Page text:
A piece of advice for a 8 GPUs system ? two s1070 to a single motherbroad or not ?

Hi all,

I’m about to buy a supercomputer with 4 TESLA, but I might need more power. In fact 8 GPUs just would be perfect. However, I’m not sure how to correctly do it.

I was thinking about connecting two s1070 to a single motherboard to end up with 8 GPUs but it each card is 8x only :(

Any ideas ? Advices?

Thank you!

Larry

Well, it depends - such a machine could be excellent for very compute-bound jobs (full nbody integrations, for instance). Hardware-wise, I believe that people have sometimes had trouble with putting that many GPUs onto one MB. In general though, putting together supercomputer clusters is a non-trivial task (at least, if you want a decently working cluster). To get better advice, you’ll have to be a bit more specific about what you want this cluster to do.

I want to use it for both computation and visualization. The applications are environmental simulations like modelling the sea surface radiance. I have a first version working on a single Quadro I would like to expand .

Larry

Four GTX 295s is possible, and would be a little more flexible to deploy than the s1070 setup (and probably cheaper). Be sure to read all the disclaimers, not least because they’re pretty witty.

http://www.manifold.net/downloads/Building_an_E_Box.pdf

Using THREE 295GTXs is a lot easier than 4. You don’t need as fancy motherboard or case support, you have a single-width slot left for a small display GPU,
you may be able to get by with a 1000 watt PSU (they get much more expensive after 1000 watts), less likely to have BIOS fights for every OS.

The hardest part for four cards tends to be the case, actually. The standard is 7 slot cutouts, and you need 8, so you get limited really fast.
The Lian-li PC-p80 case seems to be the best solution for 8 slot support… it’s rare, but I can’t name any other stock cases.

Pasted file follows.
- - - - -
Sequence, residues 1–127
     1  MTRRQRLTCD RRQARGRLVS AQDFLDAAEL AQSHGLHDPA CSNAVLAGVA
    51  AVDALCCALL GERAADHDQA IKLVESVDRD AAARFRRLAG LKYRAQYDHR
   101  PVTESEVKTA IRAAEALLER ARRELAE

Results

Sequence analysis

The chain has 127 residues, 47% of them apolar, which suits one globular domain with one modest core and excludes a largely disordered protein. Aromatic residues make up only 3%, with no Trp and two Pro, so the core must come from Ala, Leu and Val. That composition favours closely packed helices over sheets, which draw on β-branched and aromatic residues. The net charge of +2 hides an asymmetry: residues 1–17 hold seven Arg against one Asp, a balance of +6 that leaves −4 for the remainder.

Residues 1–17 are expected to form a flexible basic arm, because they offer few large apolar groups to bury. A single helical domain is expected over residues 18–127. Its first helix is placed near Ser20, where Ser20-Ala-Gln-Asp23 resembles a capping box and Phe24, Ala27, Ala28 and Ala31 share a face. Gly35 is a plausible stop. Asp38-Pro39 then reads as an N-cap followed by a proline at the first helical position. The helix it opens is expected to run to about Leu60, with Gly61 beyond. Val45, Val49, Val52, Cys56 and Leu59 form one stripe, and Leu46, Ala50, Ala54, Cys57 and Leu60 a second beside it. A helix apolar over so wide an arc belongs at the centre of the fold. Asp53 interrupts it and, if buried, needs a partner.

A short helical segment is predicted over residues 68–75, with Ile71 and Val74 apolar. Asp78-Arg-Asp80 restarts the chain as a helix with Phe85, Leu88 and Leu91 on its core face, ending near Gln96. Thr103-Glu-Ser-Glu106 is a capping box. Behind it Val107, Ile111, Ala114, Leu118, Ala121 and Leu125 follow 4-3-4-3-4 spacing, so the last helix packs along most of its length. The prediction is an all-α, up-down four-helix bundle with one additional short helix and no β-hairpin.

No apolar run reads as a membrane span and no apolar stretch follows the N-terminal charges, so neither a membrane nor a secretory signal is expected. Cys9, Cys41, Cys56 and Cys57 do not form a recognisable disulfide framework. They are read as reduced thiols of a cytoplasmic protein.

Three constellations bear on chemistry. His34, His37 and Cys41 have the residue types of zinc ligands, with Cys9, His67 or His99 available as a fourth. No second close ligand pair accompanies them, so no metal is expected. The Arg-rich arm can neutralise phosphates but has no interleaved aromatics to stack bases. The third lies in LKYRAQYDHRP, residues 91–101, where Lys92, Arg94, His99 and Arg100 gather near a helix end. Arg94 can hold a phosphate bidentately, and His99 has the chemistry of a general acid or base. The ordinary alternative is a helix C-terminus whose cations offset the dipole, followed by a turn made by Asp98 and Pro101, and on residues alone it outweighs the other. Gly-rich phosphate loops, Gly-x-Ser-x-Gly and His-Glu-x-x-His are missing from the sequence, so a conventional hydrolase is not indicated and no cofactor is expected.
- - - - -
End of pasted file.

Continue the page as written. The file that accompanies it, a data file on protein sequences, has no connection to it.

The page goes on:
This Antec probably. Haven’t seen it IRL but looks like it can be used for 4xdual GPUs.

Also, better be sure you’re not memory bandwidth bound, depending on the board you’re using to put in. Lots of these so-called 3 and 4 way 16x boards can’t pump all 16 lanes to each slot at once. (there are only 36 lanes connecting an Intel IOH header). So they end up using some sort of PCI-E switch instead, and you have to be careful which slots you depend on bandwidth from at the same time, balancing use across PCI-E switches.

Additionally, even if you’re just using 32 lanes… that still saturates the uni-directional QPI bw of 12.8 GB/sec (assuming 2 QPI links). So you have up to an 18GB/sec need assuming uni-directional transfer, and a 12.8 GB/sec pipe to host memory. In real world tests, I was able to push only 10GB/sec to host memory in one direction, confirming this. This was with single socket X58 though- future multi-socket, multi-IOH chipsets may better balance pci-e slots over them.

Regarding the multiple S1070 hookup- the bus isn’t hard divided to 8 lanes per GPU, rather it’s switched. So you can get near 16x performance if only accessing a single gpu/slot.

This is the board I hooked 8 S1070’s to btw:
http://hothardware.com/News/Asus-Debuts-P6…er-Motherboard/

Caveat: this board, though dubbed “supercomputer”, is still a desktop board and has the stupid bios requirement for a video card to be present. Since it’s PCI-E only, this means one of the 4 x16 slots must be driven down to 8x to share w/ the video card.

I strongly supports Steve’s advice. We have 2 desktops, a simple/cheaper one from intel with 3 GTX295 and a fancier/expensive from AMD with 4 GTX295.

We recently disabled the forth card on the AMD board.

I find it better to only use 3 of them.

eyal